Nosh jacks in the cheap milk, didn’t work

Last year Nosh made a big splash by discounting milk. It couldn’t possibly work, ask any proper supermarket about loss leading.

All the tactic did is make them headlines, swamp the stores with bludgers looking for cheap milk and buying nothing else. Eventually you go broke if the only thing people buy you are making a loss on. The Herald reports:

Nosh’s new boss is brimming with ideas for driving sales at the upmarket grocery chain – but offering cut-price milk isn’t one of them.

Retail dairy prices are an emotive issue in New Zealand and Nosh gained a lot of publicity last year from offering milk for as little as $2 for 2 litres, which resulted in a small loss for the company.

Hayden Syers, who became chief executive in July, said the loss-leading strategy hadn’t been successful. 

“It brought a lot more people into stores that were really just buying milk and it really didn’t result in other sales,” he said. “We’re definitely not going to repeat that milk promotion. The numbers didn’t work.”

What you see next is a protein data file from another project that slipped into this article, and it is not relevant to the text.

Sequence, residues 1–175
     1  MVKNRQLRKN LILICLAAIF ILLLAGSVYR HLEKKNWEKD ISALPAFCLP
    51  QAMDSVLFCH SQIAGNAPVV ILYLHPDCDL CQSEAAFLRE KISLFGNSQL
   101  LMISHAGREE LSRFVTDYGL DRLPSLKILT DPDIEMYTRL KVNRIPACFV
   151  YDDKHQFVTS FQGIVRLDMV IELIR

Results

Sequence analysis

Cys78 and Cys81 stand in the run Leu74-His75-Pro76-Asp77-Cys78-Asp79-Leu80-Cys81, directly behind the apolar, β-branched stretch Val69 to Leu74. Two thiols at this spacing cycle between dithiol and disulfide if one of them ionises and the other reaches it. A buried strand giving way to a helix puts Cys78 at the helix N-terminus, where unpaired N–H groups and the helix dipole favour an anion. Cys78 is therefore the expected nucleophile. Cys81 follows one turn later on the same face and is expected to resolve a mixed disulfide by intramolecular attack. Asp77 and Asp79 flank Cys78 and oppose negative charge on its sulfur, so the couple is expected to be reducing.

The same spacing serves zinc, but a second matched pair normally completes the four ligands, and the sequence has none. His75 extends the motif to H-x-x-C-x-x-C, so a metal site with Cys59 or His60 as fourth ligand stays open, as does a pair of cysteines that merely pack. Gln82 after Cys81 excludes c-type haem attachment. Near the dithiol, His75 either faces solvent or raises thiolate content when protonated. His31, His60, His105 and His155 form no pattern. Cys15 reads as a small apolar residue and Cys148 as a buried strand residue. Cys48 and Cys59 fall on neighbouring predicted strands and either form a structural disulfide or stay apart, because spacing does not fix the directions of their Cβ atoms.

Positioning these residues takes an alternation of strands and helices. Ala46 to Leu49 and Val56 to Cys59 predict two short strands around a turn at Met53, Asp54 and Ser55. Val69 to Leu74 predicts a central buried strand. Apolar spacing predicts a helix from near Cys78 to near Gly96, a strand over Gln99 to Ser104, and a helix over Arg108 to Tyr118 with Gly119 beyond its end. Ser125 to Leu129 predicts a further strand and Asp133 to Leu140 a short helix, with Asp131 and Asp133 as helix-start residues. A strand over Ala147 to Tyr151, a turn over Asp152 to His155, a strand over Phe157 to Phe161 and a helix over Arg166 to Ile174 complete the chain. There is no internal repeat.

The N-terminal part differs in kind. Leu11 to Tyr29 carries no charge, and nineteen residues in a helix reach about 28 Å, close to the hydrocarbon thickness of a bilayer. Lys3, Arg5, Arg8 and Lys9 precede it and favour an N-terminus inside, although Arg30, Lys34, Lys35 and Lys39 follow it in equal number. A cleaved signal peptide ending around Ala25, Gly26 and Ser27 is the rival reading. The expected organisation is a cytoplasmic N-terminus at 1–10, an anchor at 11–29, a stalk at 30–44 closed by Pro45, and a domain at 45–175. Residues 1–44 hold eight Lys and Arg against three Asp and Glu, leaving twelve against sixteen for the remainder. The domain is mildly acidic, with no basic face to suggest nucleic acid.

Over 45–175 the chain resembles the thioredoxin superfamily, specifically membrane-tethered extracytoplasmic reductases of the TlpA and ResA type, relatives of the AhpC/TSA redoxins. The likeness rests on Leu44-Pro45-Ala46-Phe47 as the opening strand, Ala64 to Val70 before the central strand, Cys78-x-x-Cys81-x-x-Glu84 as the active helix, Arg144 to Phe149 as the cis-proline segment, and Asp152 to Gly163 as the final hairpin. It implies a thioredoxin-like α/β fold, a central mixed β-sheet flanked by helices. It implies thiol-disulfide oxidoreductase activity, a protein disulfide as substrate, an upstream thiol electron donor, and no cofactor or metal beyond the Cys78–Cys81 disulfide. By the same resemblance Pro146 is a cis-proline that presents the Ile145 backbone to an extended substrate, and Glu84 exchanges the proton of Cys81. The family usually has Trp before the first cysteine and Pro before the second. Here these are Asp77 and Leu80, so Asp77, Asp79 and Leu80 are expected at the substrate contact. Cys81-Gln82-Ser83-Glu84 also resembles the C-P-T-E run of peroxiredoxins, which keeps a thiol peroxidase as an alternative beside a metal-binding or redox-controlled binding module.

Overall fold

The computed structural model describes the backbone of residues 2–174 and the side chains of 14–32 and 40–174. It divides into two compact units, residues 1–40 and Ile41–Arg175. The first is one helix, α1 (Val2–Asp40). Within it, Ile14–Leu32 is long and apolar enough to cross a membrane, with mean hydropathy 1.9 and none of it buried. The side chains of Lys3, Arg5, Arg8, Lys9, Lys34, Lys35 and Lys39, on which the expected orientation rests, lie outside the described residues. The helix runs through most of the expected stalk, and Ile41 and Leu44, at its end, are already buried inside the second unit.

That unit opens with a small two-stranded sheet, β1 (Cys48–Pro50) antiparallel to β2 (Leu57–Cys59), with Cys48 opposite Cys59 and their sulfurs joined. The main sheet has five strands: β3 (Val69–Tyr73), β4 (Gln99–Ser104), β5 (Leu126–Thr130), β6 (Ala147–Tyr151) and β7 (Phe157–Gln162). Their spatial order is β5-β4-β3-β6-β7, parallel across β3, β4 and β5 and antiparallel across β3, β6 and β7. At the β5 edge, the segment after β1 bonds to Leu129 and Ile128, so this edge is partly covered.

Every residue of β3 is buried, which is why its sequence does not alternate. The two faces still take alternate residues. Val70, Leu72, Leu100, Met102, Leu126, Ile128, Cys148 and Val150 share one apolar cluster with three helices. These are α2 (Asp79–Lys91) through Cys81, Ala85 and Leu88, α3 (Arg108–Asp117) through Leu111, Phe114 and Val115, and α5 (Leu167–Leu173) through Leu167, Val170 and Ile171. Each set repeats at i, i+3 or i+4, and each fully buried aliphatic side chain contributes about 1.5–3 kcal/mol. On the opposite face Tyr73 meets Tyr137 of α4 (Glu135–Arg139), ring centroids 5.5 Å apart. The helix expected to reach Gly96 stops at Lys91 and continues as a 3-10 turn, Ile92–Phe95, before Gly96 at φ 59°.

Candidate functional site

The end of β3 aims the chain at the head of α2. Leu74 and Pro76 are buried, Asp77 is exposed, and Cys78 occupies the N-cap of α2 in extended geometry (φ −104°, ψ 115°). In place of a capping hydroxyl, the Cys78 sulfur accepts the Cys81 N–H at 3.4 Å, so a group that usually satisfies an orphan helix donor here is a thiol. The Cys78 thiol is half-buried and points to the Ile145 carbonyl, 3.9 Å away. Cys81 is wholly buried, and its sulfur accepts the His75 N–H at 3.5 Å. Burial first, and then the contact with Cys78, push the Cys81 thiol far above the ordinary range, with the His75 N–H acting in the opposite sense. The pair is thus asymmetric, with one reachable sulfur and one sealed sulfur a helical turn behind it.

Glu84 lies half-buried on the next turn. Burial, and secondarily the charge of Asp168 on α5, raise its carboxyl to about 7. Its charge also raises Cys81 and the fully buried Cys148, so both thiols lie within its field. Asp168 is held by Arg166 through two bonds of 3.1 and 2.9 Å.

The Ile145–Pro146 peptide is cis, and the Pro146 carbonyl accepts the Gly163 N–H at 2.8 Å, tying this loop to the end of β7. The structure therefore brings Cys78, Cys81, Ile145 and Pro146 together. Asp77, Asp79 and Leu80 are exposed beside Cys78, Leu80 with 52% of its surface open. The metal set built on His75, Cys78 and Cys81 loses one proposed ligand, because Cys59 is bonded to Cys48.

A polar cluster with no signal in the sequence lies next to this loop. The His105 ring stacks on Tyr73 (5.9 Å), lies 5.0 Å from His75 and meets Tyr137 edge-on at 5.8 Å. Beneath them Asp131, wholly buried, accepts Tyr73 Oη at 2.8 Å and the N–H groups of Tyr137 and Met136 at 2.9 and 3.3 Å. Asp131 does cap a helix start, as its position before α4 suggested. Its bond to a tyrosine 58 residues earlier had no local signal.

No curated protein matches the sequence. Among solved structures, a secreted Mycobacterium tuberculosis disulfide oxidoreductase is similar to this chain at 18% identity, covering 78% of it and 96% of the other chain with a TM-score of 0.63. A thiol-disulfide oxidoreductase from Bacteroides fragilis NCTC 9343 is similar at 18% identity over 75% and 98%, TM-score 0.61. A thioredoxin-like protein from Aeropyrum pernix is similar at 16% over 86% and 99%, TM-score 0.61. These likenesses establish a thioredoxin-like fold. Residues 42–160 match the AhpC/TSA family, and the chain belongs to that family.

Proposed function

Nosh now sells 2l for $3.49, or two bottles for $6.50.

Syers, a chartered accountant who describes himself as an “extreme foodie”, said Nosh would drive sales through educating customers about food – including new barbecue classes targeted at men – and providing a great in-store experience.

Everything thing else at Nosh was and still is dreadfully expensive and those people looking to save a few cents on milk won’t buy expensive apples at the same time.

Never mind though Labour will move to regulate the industry shortly insisting on pricing commissars in every store.


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As much at home writing editorials as being the subject of them, Cam has won awards, including the Canon Media Award for his work on the Len Brown/Bevan Chuang story.  And when he’s not creating the news, he tends to be in it, with protagonists using the courts, media and social media to deliver financial as well as death threats.

They say that news is something that someone, somewhere, wants kept quiet.   Cam Slater doesn’t do quiet, and as a result he is a polarising, controversial but highly effective journalist that takes no prisoners.

He is fearless in his pursuit of a story.

Love him or loathe him.  But you can’t ignore him.

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